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Amorphous calcium phosphate (ACP) is a precursor phase frequently present at the early stage of crystallization from aqueous solution. According to a structure model proposed by American scientists in 1970s, the amorphous phase is the aggregates of clusters with the composition of Ca9(PO4)6 and water molecules filling in the interstitial space. Recently, a team from Peking University School of Pharmaceutical Scien...

Lithium rich manganese-based layered oxide (LRMBO) with high capacity exceeding 250 mA h/g is considered as the most promising cathode candidate of Li-ion batteries. But the severe capacity decay hinders its practical application. Prof. Dingguo Xia’s Group, from Beijing Key Laboratory of Theory and Technology for Advanced Battery Materials, has developed a novel strategy for preparing a highly homogeneous nanocoa...

In order to tune the crystallinity, Chen Y et al reported blending a small amount of polydimethylsiloxane (PDMS) as additive or plasticizer, achieving a better phase separation and a higher performance. However, from DIO to PDMS, the most additives reported are inert in the film, which will become traps for charge separation and transport when blending slightly overdose of them. This sensitivity and disadvantage s...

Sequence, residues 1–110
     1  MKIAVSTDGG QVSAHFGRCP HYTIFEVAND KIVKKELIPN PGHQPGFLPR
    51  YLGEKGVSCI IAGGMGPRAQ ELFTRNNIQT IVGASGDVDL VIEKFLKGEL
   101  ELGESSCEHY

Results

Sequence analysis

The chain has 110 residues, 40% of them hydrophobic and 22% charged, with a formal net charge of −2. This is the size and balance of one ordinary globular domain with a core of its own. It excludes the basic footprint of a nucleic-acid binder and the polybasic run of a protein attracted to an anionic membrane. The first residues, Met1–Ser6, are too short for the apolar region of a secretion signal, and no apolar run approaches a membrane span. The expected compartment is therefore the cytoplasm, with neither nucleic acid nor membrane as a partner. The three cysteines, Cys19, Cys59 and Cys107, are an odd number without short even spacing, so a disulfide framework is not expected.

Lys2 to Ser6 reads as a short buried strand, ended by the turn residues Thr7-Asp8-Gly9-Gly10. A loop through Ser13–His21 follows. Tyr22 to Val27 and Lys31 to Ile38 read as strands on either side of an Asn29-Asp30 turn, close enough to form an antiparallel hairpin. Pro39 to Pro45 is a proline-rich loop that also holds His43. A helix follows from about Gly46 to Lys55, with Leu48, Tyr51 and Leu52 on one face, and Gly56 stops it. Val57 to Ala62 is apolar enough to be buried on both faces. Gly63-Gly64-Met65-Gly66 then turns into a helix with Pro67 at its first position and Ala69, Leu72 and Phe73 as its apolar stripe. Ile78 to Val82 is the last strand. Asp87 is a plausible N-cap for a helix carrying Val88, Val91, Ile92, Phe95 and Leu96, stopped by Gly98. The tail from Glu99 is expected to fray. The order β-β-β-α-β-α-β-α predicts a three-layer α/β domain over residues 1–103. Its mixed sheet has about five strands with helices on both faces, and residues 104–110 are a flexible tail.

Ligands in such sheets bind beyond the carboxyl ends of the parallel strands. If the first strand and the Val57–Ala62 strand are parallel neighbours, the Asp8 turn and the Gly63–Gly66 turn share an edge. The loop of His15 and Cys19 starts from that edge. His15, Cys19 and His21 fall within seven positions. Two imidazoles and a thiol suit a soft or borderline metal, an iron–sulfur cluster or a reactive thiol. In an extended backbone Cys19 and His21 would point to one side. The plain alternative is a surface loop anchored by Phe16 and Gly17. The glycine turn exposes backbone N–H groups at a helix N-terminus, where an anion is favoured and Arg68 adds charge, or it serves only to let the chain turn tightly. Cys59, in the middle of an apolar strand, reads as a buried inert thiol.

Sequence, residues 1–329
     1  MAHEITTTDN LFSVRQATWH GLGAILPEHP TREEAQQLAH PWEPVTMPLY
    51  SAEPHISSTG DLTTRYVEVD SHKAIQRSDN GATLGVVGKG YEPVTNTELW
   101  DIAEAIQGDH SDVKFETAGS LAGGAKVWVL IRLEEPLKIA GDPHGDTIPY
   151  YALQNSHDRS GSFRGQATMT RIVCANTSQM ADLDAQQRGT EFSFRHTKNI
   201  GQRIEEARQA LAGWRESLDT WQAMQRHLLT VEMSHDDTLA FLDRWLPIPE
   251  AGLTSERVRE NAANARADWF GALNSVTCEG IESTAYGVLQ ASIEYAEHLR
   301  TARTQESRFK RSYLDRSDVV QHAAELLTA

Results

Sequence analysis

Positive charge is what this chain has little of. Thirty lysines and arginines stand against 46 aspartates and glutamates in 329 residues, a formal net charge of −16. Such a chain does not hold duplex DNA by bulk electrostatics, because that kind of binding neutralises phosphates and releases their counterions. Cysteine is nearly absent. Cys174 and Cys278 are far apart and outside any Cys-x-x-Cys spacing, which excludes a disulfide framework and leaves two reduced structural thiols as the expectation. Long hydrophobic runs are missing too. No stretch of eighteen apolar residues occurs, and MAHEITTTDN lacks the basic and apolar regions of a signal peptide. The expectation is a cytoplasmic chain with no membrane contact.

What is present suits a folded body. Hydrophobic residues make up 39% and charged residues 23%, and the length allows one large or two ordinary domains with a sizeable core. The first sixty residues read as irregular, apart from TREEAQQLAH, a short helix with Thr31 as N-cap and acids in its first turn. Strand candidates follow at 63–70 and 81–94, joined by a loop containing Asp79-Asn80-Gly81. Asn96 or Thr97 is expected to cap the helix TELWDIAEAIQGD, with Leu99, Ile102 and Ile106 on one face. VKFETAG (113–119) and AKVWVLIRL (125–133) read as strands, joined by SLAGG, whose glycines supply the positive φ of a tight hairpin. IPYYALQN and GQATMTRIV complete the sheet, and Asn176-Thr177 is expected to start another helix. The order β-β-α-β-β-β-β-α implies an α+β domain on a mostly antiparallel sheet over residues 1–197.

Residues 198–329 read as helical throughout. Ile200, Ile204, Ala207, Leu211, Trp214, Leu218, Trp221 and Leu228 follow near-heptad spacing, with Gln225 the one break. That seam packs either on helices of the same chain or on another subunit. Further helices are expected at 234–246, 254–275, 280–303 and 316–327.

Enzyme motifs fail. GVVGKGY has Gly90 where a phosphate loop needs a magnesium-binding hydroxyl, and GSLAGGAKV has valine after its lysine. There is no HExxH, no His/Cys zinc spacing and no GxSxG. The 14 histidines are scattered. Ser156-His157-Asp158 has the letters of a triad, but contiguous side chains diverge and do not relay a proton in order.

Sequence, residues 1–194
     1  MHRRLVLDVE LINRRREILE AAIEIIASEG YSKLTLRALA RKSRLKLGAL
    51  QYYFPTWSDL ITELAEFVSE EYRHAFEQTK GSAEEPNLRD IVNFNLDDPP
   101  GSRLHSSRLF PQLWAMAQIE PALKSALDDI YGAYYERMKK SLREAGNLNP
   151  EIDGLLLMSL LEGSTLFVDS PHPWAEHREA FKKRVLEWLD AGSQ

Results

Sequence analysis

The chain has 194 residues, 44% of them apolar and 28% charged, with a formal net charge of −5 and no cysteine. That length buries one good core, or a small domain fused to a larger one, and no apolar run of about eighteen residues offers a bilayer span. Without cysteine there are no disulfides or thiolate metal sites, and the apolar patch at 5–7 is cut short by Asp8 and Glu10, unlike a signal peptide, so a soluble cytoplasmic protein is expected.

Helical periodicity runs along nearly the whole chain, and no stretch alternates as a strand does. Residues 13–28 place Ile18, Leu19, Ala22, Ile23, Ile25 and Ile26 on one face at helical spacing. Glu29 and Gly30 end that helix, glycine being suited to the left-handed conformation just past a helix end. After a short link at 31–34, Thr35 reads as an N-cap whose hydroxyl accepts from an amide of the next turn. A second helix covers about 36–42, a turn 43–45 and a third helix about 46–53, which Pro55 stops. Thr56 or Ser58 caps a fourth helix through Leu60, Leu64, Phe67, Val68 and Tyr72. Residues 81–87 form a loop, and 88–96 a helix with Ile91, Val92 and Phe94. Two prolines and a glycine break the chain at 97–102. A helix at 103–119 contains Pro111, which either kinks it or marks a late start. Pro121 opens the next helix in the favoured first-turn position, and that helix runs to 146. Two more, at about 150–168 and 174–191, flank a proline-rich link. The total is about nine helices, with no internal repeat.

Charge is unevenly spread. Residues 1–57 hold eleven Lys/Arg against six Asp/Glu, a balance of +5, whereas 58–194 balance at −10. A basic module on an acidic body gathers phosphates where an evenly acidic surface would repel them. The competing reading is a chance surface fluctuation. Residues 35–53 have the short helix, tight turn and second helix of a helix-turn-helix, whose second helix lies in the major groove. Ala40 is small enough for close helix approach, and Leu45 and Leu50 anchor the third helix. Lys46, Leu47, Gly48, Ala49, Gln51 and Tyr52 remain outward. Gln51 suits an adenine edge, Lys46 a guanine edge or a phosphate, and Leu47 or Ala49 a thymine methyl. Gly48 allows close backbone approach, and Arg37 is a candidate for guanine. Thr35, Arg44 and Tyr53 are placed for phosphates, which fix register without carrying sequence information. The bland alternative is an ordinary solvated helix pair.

Recently, a research group from Research Center for Eco-Environmental Sciences, Chinese Academy of Sciences, China has deeply investigated the processes of chromium translocation and transformaton in the plant-AM fungi continuum, and their results has been published on 15th, Dec, 2015 in Environmental Science & Technology.

A collaborated team from Beihang University and the National Center for Nanoscience and Technology has explored, for the first time, the feasibility of the amorphous hollow nanomaterials for efficient electrochemical water oxidation. Their research has been published on March 9th, 2015 in Advanced Energy Materials and chosen by editor as a cover.

The researchers from Rice University, the Beijing Synchrotron Radiation Facility, the University of Texas at San Antonio and the University of Houston developed a novel hydrogen generation catalyst based on trace of cobalt and graphene, which has proven nearly as effective as platinum-based catalysts. The research results have been published in September, 2015 in Nature Communications.
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